Green IT has made a lot of headway in the data center during the past 18 months with the deployment of improved power supplies and power-saving servers, storage arrays and special-purpose appliances.
Now the environmental IT mindset is moving to the workplace desktop. Dell on Oct. 28 announced wholesale upgrades in its high-end OptiPlex commercial desktop computer line that center around major power consumption cuts-in some cases nearly half-and a new feature set.
The company also launched four entirely new power-conserving OptiPlex models.
Finally, Dell introduced its first thin-client desktop, something that Wyse, Sun Microsystems, Hewlett-Packard, IBM/Devon and others have been making for years.
“We’re refreshing our entire OptiPlex commercial desktop line. We’re refreshing some products and expanding into other usage models and customer feature capabilities that we don’t have today,” Darrel Ward, director of Dell’s Product Group, told eWEEK. “We’re taking the two OptiPlex desktops we have today, doing some segmentation. … We’ll also be launching four new OptiPlexes.”
Key feature points and pricing in the OptiPlex line include:
- OptiPlex 960: Enables up to 43 percent less power consumption over the previous generation of OptiPlex desktops; optional QuietKit technology reduces noise by as much as 60 percent. Available in three chassis styles (minitower, desktop and small form factor); pricing starts at $863.
- OptiPlex 760: Offers mainstream security, productivity and energy-efficient features with improved management capabilities; pricing starts at $593.
- OptiPlex 360: Basic desktop for small and midsize businesses and small offices/home offices; pricing starts at $476.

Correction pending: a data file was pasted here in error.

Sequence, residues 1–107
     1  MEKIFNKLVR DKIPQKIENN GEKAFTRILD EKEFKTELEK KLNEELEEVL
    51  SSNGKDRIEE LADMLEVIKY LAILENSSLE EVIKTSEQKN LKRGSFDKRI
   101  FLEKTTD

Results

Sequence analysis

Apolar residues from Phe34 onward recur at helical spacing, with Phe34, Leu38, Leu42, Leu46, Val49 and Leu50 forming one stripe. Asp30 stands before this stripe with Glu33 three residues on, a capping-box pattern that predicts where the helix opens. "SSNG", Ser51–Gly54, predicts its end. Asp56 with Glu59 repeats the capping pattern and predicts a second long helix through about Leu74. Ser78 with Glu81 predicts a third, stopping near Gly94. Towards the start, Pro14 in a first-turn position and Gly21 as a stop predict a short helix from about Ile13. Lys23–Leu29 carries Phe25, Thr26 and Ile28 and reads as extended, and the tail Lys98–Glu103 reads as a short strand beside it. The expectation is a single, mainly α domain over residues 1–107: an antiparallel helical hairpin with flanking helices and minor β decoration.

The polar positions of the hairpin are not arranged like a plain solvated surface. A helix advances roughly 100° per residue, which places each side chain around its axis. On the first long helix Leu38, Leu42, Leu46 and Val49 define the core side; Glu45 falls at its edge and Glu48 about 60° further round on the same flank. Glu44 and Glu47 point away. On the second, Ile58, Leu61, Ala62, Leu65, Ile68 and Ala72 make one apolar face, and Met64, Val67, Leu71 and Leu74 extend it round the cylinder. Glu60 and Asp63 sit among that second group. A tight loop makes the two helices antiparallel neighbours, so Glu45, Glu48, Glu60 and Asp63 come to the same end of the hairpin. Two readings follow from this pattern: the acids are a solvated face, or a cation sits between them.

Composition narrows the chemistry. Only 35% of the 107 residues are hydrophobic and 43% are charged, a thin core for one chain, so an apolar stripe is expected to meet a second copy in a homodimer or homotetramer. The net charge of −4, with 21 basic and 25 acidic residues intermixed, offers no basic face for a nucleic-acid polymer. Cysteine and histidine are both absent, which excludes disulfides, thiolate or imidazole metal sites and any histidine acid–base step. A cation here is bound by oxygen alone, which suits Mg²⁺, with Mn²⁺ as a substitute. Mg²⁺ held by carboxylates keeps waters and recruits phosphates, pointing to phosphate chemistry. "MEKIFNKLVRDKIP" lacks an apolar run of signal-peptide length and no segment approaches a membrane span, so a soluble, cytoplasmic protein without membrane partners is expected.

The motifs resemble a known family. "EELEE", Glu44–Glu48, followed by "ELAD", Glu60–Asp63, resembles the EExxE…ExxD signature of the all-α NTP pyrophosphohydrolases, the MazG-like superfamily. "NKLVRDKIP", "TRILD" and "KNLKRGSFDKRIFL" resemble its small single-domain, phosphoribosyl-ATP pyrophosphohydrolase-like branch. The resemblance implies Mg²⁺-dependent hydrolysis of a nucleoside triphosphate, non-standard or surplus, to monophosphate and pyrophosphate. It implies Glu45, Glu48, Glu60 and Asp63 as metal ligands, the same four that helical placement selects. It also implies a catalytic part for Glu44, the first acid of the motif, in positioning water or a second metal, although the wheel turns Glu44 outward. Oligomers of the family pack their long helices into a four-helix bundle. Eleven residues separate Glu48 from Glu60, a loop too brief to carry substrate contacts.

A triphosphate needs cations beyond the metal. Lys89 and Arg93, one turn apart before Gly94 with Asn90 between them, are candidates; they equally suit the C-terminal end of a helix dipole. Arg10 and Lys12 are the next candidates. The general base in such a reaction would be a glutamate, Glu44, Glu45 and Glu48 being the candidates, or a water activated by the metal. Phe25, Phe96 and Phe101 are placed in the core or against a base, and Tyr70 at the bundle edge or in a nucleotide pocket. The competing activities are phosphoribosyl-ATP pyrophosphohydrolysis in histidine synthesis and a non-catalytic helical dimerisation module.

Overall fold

- OptiPlex FX160: Dell’s first thin client supports embedded or streamed operating systems for virtual desktop implementations; pricing starts at $399.
In coordination with the release of the thin client and new desktops, Dell also said it is expanding its year-old Flexible Computing Solutions package to include availability of on-demand desktop streaming and the company’s new Virtual Remote Desktop offering.
Dells Overall Strategy: Flexible Computing
Flexible computing, in a nutshell, is Dell’s strategy to provide alternative client computing models.
“A trend that we’re seeing is an increasing number of client workloads moving back into the data center,” Jeremy Ford, Dell senior technology strategist, said. “The lines between the desktop and the data center are beginning to blur. One thing we think is key is to only move the components back into the data center that are most critical-specifically, the data.”
In other words, Ford said, “just because you can move compute back into the data center, you shouldn’t necessarily do that because of data center [power and space] constraints, and power draw and cooling issues involved. To that end, we’ve come up with the flexible computing model.”
Dell’s flexible computing package is strictly network-based and makes good use of desktop virtualization. At the same time, it enables IT staffs to retain full control of data and application management without sacrificing end-user performance or productivity, Dell claimed.
Dell’s flexible computing package includes:
- On-Demand Desktop Streaming, for use in data centers only. This was launched a year ago and is being implemented in the new OptiPlex desktops. The hard drive is removed from the client device, with the overall image being moved back into the data center and housed on a partitioned server. The image is then streamed over a LAN (local area network) to a diskless client on the desktop, which does have local graphics processing ability. “As a result of this [design], you don’t have the latency that’s usually found in virtual desktops,” Ford said. “And the savings in power and cooling in the data center can be substantial.”
- Virtual Remote Desktop. These data center-hosted virtual client desktops can be accessed from a variety of devices-including handhelds-and locations.
- Dedicated Remote Workstation. This is a PC-over-IP product that connects to a Dell Precision R5400 rack-mount workstation in a data center for high-performance users in harsh or highly secure environments.
Dell also announced a series of new managed services that complement existing factory customization options for the new products. Go here for details.
The OptiPlex desktops, flexible computing package (the Virtual Remote Desktop is available in the United States only) and several new services are available directly from Dell and through the company’s PartnerDirect channel partners.